ATLANTA -- Life expectancy for Americans reached an all-time high of 77.2 years in 2001, federal officials said.
The Centers for Disease Control and Prevention said Friday that life expectancy increased by two-tenths of a year from 2000. A drop in major causes of deaths, such as heart disease, cancer and stroke contributed to the increase.
For men, life expectancy increased from 74.3 years in 2000 to 74.4 years in 2001. For women, it increased from 79.7 years to 79.8 years for the same period. The CDC analyzed more than 97 percent of all state death certificates issued in 2001.
"For the individual, it's good news to know that diseases of the heart are declining, that cancer is declining and stroke is declining," said Elizabeth Arias, statistician for the CDC's National Center for Health Statistics, which conducted the study.
"All of these have a lot to do with behavior, something that individuals have a direct say in their own lives in terms of diet and smoking and risk-taking behavior," she said.
The national death rate dropped slightly from 869 deaths per 100,000 people in 2000 to 855 deaths per 100,000 in 2001. The 2001 infant mortality rate remained the same from 2000 at 6.9 infant deaths per 1,000 live births.
Deaths from HIV and AIDS dropped nearly 4 percent between 2000 and 2001, a downward trend since 1995.
Deaths from heart disease and cancer dropped by 4 percent and 2 percent, respectively. Stroke deaths dropped by 5 percent. The biggest drop was 7 percent for influenza and pneumonia deaths, the CDC said.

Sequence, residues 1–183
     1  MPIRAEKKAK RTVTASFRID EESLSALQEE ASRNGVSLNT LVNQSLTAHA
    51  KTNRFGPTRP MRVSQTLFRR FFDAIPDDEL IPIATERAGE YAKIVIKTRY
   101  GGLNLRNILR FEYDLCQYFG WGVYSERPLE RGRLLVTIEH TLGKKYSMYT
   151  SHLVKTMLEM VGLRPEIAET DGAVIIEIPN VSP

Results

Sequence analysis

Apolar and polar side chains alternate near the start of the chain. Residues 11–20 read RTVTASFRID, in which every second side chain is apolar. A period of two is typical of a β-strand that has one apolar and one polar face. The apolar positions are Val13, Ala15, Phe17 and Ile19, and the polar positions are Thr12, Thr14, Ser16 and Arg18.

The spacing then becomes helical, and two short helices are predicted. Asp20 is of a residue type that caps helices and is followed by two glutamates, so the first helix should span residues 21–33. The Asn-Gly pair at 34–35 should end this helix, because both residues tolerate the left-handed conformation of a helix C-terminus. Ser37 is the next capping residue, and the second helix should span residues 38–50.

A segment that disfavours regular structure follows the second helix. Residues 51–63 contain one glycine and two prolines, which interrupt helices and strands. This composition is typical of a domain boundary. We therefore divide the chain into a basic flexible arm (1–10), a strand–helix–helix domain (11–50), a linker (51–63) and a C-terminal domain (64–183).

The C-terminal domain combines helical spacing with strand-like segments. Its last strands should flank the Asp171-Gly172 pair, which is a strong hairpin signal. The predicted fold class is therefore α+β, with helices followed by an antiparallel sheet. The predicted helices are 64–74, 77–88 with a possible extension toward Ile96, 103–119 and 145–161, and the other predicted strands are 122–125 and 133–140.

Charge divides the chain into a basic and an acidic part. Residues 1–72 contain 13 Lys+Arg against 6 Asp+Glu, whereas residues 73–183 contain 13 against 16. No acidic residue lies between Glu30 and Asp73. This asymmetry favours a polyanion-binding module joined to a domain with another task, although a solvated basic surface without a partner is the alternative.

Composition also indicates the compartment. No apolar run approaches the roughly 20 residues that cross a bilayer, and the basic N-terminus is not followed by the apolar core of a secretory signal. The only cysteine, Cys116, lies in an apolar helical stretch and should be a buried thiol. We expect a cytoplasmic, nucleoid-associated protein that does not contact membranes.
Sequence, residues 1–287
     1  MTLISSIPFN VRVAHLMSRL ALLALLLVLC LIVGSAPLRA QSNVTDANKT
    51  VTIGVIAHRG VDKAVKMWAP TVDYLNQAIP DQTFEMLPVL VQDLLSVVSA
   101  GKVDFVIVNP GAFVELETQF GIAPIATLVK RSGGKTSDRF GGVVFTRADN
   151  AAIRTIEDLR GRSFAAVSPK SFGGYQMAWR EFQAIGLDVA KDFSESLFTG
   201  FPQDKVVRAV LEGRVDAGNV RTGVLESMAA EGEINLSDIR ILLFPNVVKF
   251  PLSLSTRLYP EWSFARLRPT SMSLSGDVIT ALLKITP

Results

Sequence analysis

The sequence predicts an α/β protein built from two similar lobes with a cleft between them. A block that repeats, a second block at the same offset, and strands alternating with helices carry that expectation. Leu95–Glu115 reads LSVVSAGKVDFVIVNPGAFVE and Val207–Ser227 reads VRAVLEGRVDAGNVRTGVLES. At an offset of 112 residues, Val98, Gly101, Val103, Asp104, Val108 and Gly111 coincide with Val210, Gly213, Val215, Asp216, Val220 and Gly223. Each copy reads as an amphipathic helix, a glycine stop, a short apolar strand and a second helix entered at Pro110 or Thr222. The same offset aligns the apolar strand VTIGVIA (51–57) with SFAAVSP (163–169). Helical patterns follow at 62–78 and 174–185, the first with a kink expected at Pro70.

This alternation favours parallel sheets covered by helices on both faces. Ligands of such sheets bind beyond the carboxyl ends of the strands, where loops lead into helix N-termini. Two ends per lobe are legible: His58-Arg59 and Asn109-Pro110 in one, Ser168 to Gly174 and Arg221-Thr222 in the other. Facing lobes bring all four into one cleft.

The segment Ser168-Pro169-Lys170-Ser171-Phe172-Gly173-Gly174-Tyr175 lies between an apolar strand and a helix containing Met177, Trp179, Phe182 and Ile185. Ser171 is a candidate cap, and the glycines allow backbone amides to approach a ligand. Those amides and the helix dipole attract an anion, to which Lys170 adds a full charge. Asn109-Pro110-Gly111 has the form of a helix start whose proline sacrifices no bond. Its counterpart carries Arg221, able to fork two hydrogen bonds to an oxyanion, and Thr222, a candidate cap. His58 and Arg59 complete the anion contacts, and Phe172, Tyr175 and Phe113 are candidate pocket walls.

"Heart disease accounts for over 50 percent of all deaths," Arias said. "As they decline, they have the greatest impact on life expectancy as opposed" to diseases that aren't as common among Americans.
Kenneth Thorpe, chairman of Emory University's department of health policy and management, said further research should be done to see what exactly has created the life expectancy increases.
"How much are due to changes in behavior and lifestyle or interventions in spending in health care?" Thorpe said. "Those are the types of analogies we need to do next to see what's driving improvement."
The report said there were more deaths from kidney disease, hypertension and Alzheimer's disease, increases that ranged between 3 percent and 5 percent. Arias said the higher numbers of deaths from the diseases, which are common among the elderly, were expected because of the country's aging population.
Homicides also increased by 17 percent, something that federal officials attributed to the Sept. 11 terrorist attacks. Without the attacks, the homicide rate would have declined by 1.7 percent, Arias said.
On the Net:
CDC report: http://www.cdc.gov/nchs